5 Ways to Profit from Your Patents
A Patent is an intellectual property that guarantees exclusive rights of usage to the inventor. It excludes others from using or commercializing the invention for a limited period. The sole control over their invention opens up profitable avenues for patent owners.
The road to obtaining a patent isn’t easy or economical. There are multiple costs incurred on the actual invention, and it usually involves an appreciable amount of time too. Once the invention is ready, the patent filing process in itself is a legal complexity. It is important to note here that despite all the resource investment, not all patent applications get approved.
So, if one has obtained a patent, they have already spent precious time and money securing it and can hope to now gain from their invention through patent commercialization. However, simply owning a patent does not guarantee earnings for the inventor. Below we discuss 5 ways that can help you learn how to make money from patents:
Table of Contents
Top 5 Patent Commercialization Strategies:
1. Converting Invention into Product
The fact that your patent was granted a patent proves the uniqueness of your technology in the market. The best way to leverage it would be to turn it into an actual product that consumers can use. To ensure that this is a good decision for your invention, consider the following points:
- What will be the product?
- Does a need for it exist in the market?
- How will you manufacture it?
These are some considerations before one decides to create a product. If self-manufacturing sounds like a gamble, then another option can be to outsource this step to a company with the machinery required for production.
2. Licensing the Patent
If the idea of being involved in the manufacturing and marketing of products is not feasible then the next best step would be to consider patent licensing and commercialization. Licensing a patent does not take away the ownership of the patent from the holder. It simply entails a transfer of rights of usage to a third party based on mutually agreeable terms and conditions and for a limited period of time. The licensing fee is determined by a common practice called ‘benchmarking’, wherein the patent technology is compared to prevalent as well as old technologies. This helps in evaluating the royalty or license fee.
The Licensor grants exclusive or non-exclusive rights to the licensee. If the license is exclusive, then only one party holds exclusive rights to use the patents to manufacture the product.
3. Detecting Infringement
If a product in the market uses the technology protected by your patent, then it is considered a case of infringement. Patents guarantee monopolistic rights over innovation, and violation of this clause means that the infringer has to pay hefty damages to the patent owner. Infringement lawsuits may be settled in court or outside depending on the parties involved. This is one of the commonly used methods of patent commercialization.
Following are the types of patent infringements:
When the offender buys, sells, or uses the exact technology without a license.
When the purchase or importing of a part may lead to the creation of a patented item.
If a device or process literally meets every limitation of a patent then literal infringement is implied.
If a party that holds the knowledge of the patent uses their influence to encourage others to create the patent, then it suggests an induced infringement.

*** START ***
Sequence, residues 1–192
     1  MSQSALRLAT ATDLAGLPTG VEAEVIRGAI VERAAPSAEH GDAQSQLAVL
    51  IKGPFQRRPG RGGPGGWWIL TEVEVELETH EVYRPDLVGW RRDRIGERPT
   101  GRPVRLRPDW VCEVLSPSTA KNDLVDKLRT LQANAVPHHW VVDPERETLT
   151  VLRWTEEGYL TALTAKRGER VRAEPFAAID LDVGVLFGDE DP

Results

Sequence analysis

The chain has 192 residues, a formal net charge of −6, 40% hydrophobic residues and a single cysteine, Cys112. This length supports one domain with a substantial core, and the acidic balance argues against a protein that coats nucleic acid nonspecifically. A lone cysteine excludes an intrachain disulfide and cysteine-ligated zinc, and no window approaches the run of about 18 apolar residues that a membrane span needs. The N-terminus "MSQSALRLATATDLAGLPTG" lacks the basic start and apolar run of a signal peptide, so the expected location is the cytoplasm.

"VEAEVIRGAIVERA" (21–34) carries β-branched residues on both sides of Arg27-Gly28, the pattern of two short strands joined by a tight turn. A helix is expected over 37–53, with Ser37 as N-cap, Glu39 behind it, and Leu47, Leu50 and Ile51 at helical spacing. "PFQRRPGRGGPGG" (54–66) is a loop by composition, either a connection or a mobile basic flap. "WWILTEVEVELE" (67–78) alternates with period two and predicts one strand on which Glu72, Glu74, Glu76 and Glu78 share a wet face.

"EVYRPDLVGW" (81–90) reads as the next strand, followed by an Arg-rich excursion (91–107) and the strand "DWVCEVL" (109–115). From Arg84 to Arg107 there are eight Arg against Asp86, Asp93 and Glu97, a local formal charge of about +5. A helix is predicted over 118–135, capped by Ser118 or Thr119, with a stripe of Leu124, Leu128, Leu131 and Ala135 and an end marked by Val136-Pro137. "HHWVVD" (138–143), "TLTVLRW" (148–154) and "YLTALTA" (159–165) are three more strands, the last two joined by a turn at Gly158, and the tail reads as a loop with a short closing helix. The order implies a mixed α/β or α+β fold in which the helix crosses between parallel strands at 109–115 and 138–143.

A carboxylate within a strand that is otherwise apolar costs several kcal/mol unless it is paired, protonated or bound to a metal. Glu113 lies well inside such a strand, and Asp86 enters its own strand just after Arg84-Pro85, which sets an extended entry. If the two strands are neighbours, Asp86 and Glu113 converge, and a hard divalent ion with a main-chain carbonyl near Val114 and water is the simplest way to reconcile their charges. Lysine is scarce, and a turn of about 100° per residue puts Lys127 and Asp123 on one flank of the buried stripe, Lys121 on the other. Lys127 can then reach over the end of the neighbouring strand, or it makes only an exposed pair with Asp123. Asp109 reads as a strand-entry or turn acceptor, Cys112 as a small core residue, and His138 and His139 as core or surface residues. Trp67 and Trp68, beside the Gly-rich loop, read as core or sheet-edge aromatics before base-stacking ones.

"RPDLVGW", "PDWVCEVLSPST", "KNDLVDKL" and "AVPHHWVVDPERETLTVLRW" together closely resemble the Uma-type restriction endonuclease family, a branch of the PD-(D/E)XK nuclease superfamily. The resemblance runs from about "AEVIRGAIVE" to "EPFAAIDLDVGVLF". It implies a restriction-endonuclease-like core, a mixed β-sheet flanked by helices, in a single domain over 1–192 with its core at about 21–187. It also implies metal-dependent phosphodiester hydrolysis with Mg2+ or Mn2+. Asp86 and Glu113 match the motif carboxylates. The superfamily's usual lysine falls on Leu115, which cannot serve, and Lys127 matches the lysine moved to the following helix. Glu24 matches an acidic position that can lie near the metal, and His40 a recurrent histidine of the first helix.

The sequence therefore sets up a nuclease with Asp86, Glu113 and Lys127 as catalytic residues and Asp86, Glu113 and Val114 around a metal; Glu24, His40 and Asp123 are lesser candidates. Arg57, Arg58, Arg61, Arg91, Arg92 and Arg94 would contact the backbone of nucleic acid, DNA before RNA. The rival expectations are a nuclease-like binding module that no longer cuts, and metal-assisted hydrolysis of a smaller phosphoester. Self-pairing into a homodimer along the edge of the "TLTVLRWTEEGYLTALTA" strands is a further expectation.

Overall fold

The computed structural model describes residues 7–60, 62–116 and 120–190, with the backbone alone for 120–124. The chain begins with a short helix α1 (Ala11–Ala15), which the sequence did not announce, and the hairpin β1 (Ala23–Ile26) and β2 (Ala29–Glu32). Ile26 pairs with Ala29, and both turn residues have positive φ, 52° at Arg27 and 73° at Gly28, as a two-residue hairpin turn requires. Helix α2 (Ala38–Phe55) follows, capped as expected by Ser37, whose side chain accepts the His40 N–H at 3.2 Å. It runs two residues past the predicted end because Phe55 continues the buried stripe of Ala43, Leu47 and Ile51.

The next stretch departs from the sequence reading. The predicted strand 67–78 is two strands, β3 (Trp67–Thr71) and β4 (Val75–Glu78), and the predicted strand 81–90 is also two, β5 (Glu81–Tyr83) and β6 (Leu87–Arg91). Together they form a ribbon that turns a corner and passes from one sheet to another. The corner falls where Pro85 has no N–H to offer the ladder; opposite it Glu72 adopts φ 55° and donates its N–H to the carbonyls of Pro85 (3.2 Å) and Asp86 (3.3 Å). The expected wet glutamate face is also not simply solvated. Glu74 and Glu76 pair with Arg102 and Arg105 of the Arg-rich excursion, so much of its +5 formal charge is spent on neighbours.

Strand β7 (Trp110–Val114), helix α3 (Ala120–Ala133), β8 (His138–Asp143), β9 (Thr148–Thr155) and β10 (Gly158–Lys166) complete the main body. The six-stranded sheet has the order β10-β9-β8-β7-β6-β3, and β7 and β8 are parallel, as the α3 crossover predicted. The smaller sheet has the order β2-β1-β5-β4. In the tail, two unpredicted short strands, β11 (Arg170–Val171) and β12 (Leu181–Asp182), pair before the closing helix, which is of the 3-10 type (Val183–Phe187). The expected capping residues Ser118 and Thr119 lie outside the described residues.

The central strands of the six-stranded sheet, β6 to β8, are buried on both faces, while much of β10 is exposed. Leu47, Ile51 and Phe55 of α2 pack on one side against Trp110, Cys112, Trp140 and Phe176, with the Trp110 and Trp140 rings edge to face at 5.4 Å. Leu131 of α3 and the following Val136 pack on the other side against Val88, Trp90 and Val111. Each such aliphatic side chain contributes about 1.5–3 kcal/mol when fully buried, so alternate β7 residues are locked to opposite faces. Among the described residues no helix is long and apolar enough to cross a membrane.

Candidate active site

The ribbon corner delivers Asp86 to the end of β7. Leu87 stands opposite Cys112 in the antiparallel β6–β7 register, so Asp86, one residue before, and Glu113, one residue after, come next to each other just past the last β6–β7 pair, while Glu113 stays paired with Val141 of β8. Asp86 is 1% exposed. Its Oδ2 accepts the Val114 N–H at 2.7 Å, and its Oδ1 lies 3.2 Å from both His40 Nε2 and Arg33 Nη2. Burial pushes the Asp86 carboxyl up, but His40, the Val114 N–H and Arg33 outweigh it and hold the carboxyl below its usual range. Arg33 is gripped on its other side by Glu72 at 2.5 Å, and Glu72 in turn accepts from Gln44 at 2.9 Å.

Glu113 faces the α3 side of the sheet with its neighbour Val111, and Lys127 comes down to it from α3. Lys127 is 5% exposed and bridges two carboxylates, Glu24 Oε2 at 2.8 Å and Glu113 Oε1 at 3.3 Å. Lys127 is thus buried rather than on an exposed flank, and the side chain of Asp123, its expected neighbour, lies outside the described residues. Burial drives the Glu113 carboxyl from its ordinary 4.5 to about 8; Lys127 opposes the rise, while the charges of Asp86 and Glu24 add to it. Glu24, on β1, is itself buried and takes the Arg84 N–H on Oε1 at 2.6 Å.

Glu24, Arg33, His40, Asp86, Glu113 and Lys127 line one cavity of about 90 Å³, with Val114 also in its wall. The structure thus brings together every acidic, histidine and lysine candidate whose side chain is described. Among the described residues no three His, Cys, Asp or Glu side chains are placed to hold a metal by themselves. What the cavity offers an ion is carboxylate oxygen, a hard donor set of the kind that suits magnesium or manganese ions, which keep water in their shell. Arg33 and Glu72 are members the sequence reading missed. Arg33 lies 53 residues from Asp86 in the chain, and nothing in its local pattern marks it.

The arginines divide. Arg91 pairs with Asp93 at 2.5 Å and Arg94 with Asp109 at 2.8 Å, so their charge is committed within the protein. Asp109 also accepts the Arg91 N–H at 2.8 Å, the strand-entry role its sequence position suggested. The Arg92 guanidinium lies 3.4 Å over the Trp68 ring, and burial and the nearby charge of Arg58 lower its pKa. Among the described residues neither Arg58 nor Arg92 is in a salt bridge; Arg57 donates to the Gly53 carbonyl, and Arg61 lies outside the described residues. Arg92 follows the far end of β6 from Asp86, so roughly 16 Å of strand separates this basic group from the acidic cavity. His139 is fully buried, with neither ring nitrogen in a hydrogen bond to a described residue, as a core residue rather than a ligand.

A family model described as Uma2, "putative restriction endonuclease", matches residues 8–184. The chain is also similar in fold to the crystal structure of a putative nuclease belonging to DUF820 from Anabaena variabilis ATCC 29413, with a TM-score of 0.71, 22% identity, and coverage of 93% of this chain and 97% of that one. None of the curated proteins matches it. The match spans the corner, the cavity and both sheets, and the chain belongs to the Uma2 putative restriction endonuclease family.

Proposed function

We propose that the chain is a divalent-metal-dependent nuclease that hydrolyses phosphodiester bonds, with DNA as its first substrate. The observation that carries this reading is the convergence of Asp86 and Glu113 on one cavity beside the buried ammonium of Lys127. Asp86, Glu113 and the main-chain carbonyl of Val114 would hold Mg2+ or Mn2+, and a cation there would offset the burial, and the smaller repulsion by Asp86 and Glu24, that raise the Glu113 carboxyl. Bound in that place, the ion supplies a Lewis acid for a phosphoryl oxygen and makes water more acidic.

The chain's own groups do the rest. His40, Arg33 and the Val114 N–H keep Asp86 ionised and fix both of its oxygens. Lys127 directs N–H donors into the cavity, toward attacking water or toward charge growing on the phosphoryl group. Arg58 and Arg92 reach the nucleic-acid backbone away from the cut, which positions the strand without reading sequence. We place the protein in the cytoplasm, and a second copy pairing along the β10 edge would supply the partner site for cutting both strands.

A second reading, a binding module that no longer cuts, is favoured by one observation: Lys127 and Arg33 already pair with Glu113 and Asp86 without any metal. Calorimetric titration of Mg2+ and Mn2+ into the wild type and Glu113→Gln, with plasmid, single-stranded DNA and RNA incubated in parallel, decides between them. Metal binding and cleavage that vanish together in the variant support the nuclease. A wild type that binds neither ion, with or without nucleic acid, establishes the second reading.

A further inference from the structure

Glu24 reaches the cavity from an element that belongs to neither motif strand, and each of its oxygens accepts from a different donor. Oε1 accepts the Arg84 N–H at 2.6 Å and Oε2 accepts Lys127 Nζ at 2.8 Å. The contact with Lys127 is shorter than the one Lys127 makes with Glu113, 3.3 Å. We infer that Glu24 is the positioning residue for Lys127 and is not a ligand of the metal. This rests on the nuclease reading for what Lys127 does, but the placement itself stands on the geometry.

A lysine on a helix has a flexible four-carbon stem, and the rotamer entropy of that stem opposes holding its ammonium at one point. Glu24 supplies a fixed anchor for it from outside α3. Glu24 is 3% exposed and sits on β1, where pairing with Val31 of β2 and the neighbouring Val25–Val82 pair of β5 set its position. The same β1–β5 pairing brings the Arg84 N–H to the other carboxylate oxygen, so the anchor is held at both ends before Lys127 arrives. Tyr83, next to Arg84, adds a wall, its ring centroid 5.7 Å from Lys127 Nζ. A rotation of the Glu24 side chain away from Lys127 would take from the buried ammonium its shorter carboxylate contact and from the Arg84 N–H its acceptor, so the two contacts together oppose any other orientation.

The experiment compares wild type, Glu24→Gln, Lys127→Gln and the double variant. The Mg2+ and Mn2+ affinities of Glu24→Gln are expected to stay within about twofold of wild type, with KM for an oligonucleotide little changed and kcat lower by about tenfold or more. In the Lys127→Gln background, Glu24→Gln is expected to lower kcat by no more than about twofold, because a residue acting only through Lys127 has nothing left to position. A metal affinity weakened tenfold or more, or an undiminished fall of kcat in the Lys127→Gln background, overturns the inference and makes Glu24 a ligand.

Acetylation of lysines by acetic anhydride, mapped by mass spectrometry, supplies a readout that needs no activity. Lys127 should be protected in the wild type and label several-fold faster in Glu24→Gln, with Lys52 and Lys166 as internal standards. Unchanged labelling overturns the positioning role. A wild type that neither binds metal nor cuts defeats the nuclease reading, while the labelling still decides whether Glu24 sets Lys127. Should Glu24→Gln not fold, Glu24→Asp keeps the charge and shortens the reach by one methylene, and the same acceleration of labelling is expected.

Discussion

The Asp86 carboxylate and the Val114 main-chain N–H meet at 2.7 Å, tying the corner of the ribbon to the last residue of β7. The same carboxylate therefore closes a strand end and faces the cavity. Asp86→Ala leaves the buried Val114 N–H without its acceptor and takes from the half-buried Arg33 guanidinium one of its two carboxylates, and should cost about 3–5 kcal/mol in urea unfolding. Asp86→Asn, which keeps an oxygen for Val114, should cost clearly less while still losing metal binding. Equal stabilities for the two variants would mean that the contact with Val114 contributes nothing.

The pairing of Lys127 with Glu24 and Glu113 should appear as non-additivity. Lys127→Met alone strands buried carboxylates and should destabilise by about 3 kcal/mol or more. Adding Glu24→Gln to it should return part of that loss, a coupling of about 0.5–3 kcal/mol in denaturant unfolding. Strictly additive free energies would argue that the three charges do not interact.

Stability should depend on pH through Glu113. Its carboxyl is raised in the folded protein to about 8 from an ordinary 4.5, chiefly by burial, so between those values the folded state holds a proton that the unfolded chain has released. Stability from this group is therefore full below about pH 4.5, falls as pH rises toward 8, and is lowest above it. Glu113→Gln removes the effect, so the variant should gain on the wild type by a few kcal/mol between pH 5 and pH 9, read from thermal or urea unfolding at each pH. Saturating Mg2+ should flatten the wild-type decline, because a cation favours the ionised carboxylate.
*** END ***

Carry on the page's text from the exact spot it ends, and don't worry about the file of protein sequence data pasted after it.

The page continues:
Sometimes a product may not copy the exact patent but delivers similar results. In such cases too sometimes infringement is ruled.
4. Pooling Patents
Patent pools are mutual agreements between 2 or more companies who are dependent on each other’s tech to produce the final product. Once a patent pool is formed, the licensing of patents is done collectively by the involved parties for financial gains. This helps create wider coverage in terms of both customers as well as markets.
For patent pools to be successful and profitable for the businesses involved, it is essential that all terms and conditions be formalized and adhered to. Such pools rest on the foundation of a sound legal framework and solid mutual understanding between the parties.
5. Selling the Patent
Selling a patent is the quickest patent commercialization strategy. Inventors who wish to focus on other R&D projects are usually keen to sell their patents and pursue the development of new processes and innovations for new patent licensing and commercialization. The patent owner receives a one-time compensation fee on selling off the patent.
Finding the right business to sell the patent is key to maximizing your profits. To ensure that you negotiate the best deal, explore the following avenues:
- Your patent may have blocked many other similar applications from being filed. Run a search to investigate these failed applications and approach the businesses that applied. They are most likely to be interested in buying your patent.
- Identify the businesses that are trying to enter the market related to your patent. They may be keen to buy a novel technology to gain a competitive edge.
- Locating businesses that are infringing on your patent also makes for a good plan. One can present such businesses with the option of buying the patent or else they might have to face complex litigation charges for infringement.
- Finding companies that may benefit from patent technology. The unique innovation of the patent may be presented to these companies with an emphasis on how it is likely to solve their problem.
As is clear from the above discussion, a patent owner has multiple ways to benefit monetarily from his invention. Each method is accompanied by its own advantages and disadvantages, depending on the requirement of the patent holder. The underlying goal is to make a profit from the invention. Therefore, one must adopt a strategy that helps in maximising commercial gains.